- Spoon batter evenly among prepared pans. If necessary, stagger pans on 2 oven racks, placing 2 on upper rack and 1 on lower rack, so that top pans are not directly above bottom one. Bake 22 to 25 minutes or until toothpick inserted in center of cake comes out clean. Cool in pans on wire racks 10 minutes. With small knife, loosen layers from sides of pans; invert onto wire racks. Carefully remove and discard waxed paper; cool completely, about 45 minutes. If you like, wrap layers well and store at room temperature up to 1 day or freeze up to 1 month. Bring to room temperature before frosting cake.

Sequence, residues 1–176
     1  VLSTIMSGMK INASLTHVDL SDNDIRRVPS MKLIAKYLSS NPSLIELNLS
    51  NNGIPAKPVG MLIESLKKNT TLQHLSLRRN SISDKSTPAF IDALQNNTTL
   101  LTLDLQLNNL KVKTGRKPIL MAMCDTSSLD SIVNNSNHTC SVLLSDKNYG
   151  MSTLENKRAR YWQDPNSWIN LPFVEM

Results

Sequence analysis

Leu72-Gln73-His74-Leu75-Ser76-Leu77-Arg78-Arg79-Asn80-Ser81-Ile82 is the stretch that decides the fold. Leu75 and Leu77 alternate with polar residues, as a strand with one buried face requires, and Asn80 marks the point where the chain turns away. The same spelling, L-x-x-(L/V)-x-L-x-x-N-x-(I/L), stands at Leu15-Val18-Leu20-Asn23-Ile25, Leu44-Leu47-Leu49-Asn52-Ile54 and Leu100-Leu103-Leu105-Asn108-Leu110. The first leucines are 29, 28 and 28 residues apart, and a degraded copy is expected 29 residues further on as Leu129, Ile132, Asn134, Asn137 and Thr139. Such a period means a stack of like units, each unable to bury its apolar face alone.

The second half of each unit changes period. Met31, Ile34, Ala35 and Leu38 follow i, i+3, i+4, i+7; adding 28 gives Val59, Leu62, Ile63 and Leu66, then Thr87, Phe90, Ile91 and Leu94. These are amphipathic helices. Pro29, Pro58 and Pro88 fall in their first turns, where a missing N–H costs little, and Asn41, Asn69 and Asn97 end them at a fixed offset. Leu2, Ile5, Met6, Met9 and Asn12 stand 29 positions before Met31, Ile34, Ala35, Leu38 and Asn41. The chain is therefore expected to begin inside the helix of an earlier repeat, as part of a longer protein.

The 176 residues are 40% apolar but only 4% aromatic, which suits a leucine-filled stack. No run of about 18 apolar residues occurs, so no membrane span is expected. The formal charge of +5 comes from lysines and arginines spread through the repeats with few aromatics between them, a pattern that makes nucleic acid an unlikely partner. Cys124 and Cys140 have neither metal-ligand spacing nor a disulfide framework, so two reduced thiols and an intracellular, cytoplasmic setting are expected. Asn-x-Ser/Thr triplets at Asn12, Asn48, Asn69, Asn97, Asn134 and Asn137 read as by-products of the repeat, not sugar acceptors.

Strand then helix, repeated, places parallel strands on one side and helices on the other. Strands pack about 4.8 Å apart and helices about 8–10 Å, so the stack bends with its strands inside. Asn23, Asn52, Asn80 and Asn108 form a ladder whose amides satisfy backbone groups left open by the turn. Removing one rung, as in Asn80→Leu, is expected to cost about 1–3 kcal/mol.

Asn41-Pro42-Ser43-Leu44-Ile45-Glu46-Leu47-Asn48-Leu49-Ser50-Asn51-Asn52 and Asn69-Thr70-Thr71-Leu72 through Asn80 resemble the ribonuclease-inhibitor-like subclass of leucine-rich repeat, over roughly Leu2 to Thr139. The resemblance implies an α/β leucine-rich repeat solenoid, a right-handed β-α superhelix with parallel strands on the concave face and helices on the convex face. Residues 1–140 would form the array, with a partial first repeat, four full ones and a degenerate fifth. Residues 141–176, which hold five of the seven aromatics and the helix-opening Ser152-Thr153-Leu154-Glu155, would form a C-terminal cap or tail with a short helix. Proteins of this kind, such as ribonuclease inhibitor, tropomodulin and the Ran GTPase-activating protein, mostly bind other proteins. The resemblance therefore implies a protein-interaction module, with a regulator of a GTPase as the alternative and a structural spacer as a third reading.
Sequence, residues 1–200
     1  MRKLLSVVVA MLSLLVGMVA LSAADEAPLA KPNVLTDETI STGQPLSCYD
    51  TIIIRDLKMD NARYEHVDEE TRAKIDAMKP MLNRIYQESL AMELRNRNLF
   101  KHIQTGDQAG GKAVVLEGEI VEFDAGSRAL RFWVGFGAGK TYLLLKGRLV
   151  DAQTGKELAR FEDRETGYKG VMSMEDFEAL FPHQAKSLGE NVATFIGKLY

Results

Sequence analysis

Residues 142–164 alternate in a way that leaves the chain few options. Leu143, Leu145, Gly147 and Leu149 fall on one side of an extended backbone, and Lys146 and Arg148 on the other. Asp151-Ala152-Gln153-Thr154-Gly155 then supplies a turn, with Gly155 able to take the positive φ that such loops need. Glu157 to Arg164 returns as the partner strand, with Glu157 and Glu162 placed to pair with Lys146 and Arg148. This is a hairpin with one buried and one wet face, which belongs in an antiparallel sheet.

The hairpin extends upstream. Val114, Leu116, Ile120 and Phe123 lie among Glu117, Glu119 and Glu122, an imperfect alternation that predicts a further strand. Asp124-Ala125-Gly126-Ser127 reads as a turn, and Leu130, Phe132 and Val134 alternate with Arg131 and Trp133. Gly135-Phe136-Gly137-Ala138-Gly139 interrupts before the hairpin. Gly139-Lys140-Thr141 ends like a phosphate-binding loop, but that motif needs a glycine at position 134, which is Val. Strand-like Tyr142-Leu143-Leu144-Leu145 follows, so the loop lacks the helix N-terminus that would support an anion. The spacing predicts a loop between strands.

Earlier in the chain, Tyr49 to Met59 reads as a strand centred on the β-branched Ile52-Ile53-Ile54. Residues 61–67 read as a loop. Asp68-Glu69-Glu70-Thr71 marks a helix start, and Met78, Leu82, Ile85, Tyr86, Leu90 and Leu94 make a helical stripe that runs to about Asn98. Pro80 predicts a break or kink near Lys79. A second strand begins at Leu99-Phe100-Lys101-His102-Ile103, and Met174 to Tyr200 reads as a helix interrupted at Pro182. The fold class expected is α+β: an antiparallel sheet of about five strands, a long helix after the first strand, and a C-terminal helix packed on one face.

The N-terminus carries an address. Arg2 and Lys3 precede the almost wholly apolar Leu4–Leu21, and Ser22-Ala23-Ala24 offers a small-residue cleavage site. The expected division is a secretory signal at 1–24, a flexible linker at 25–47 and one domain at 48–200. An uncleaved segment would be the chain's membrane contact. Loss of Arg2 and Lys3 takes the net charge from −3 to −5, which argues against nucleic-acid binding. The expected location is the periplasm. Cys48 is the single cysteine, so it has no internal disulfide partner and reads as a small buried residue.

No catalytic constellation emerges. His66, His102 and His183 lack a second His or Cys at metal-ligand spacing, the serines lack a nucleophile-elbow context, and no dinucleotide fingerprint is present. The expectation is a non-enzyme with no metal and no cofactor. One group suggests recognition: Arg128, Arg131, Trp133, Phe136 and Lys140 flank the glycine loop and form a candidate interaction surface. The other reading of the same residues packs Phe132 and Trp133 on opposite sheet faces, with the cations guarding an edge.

- Meanwhile, prepare frosting: (see below) In small bowl, combine cocoa and boiling water, stirring until smooth. In large bowl, with mixer at medium-high speed, beat butter and confectioners’ sugar 5 minutes or until fluffy. Reduce speed to medium-low; add melted chocolate, then cocoa mixture, beating until smooth and occasionally scraping bowl with rubber spatula. If frosting is too runny, refrigerate until just stiff enough to spread.
- Assemble cake: Place 1 cake layer bottom side up on cake plate; spread with 1/3 cup frosting. Top with second layer, bottom side up; spread with 1/3 cup frosting. Place remaining layer bottom side up on top. Spread remaining frosting over sides and top of cake.
- Make the frosting: • 1/3 cup unsweetened cocoa • 1/3 cup boiling water • 1 cup (2 sticks) butter or margarine, softened • 2 tablespoons confectioners’ sugar •12 ounces semisweet chocolate, melted and cooled